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Ultra HD television edging ahead

LG’s 105-inch curved ultra HD television sets are on display at the International CES, now underway in Las Vegas.

Jae C. Hong/Associated Press

LG’s 105-inch curved ultra HD television sets are on display at the International CES, now underway in Las Vegas.

LAS VEGAS — After their attempts to sell 3-D and OLED TVs fizzled in recent years, television manufacturers are taking small steps toward making a new technology, Ultra HD, more viable for mainstream consumers.

It’s the first TV format to be driven by the Internet video-streaming phenomenon. At the International CES gadget show this week, Netflix and Amazon are saying they will offer movies and TV shows in the format, and Sharp is introducing a relatively inexpensive TV with near-Ultra HD quality.

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The moves are meant to coax consumers to upgrade their TVs faster. Most Americans buy a new TV about once every seven years. Manufacturers aim to create another wave of buying like the one that sent millions of people to stores a few years ago to upgrade from standard-definition tube TVs to flat-screen HD models.

Unlike the 3-D trend, which quickly eroded into a tech fad, Ultra HD may catch on, analysts say. With screens that house four times more pixels than regular HD sets, Ultra HD is a simple enough upgrade to gain widespread adoption in the next few years. Aside from being visually jarring, 3-D sometimes required pricey special glasses and gave some people headaches. Because Ultra HD content can be delivered over a standard high-speed Internet connection, it isn’t likely to get bogged down in a format war like the one that plagued the Blu-ray disc standard.

‘‘You see it, you get it. It’s a big, awesome picture,’’ says Ben Arnold, an analyst at NPD Group. ‘‘Consumers will be interested in it as prices come down. Consumers are also moving toward bigger screens. All of this is good news” for Ultra HD.

Ultra HD is remarkably crisper than HD. It displays richer skin textures, finer details, and less pixelation. The extra resolution becomes more important as consumers spend more money on bigger screens that amplify images.

But Ultra HD, or 4K, is in its very early stages. The first sets for consumer use didn’t hit the market until 2012, with prices in the tens of thousands of dollars. Only about 60,000 Ultra HD sets were sold last year in the United States, with 485,000 estimated this year, according to the Consumer Electronics Association.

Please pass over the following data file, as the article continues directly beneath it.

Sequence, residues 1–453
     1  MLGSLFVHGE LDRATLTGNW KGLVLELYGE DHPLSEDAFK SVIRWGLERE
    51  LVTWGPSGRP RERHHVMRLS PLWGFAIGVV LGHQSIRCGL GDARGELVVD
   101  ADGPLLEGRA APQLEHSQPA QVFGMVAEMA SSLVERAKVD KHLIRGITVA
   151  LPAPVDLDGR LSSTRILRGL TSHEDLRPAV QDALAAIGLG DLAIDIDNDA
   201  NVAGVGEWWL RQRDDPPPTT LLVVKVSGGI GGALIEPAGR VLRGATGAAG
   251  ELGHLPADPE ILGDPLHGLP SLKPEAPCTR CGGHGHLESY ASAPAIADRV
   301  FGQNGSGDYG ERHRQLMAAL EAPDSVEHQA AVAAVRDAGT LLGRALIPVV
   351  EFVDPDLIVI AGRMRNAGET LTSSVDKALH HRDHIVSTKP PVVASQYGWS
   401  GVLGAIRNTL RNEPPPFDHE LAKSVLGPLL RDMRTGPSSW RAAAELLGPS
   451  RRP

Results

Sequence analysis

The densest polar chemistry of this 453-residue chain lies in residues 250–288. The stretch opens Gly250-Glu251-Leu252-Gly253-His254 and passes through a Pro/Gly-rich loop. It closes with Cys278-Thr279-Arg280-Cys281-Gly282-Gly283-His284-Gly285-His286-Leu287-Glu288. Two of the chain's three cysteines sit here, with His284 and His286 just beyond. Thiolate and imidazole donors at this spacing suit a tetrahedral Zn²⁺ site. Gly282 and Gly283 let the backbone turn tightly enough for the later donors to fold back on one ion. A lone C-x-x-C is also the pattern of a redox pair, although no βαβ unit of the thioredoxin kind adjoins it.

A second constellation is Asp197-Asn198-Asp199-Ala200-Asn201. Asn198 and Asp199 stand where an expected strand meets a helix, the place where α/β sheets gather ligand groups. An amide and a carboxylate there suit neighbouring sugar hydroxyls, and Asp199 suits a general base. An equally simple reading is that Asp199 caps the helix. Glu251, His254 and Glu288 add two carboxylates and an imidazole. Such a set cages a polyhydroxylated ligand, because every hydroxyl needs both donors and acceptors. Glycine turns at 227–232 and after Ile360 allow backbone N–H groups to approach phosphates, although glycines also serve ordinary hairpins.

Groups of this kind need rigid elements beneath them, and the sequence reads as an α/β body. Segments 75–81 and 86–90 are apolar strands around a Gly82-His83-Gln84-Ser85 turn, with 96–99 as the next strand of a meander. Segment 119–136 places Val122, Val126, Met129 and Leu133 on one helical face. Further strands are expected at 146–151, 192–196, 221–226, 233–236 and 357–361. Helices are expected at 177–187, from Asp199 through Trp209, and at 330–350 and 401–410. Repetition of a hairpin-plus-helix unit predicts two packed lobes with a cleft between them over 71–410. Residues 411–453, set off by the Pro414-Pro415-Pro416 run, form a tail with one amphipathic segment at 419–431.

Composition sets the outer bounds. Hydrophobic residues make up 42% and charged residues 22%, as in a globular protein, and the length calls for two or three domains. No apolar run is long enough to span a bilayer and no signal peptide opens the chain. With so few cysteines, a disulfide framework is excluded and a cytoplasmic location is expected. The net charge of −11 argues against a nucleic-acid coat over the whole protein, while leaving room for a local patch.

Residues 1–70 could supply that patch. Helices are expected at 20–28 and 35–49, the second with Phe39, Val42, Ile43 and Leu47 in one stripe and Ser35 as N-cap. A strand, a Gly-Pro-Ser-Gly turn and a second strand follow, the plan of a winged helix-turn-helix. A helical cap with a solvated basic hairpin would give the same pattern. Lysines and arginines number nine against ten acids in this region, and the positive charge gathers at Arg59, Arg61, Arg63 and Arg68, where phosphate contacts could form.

The lowest-priced Ultra HD TV being sold on Amazon.com today is a 39-inch model from Seiki Digital for $500. The cheapest name-brand manufacturer’s model, a 58-inch screen from Toshiba, sells for $2,750. And LG said this week that it would sell an Ultra HD set as small as 49 inches diagonally, which could bring entry-level prices closer to $2,000 for top brands. Sharp’s new Quattron+ brand, which brings near-4K resolution to sets, will probably sell for about $3,200 for a 70-inch set.

While such price tags are likely to appeal only to early-adopters, they’re getting closer to prices people currently pay.

To entice consumers, a handful of companies promise to make more movies and shows for the super-sharp screens.

Netflix chief executive Reed Hastings said all Netflix original shows are being shot in 4K, and the company is working with studios on formatting movies and TV shows in 4K.

Amazon and Hulu are also shooting original series in 4K, and Amazon said it is working with Warner Bros., Lionsgate, 20th Century Fox, and Discovery to make 4K content available.

The emergence of Ultra HD marks the first time a major TV standard is being pushed forward with the Internet.

‘‘It’s a chance for the Internet to really shine,’’ Hastings said.

Downloading Ultra HD files would take speeds of only 15 megabits per second and it could even be done with a Wi-Fi connection, Hastings said. LG’s chief technology officer, Skott Ahn, said 4K content could be streamed with 8 to 15 mMbps Internet speeds.

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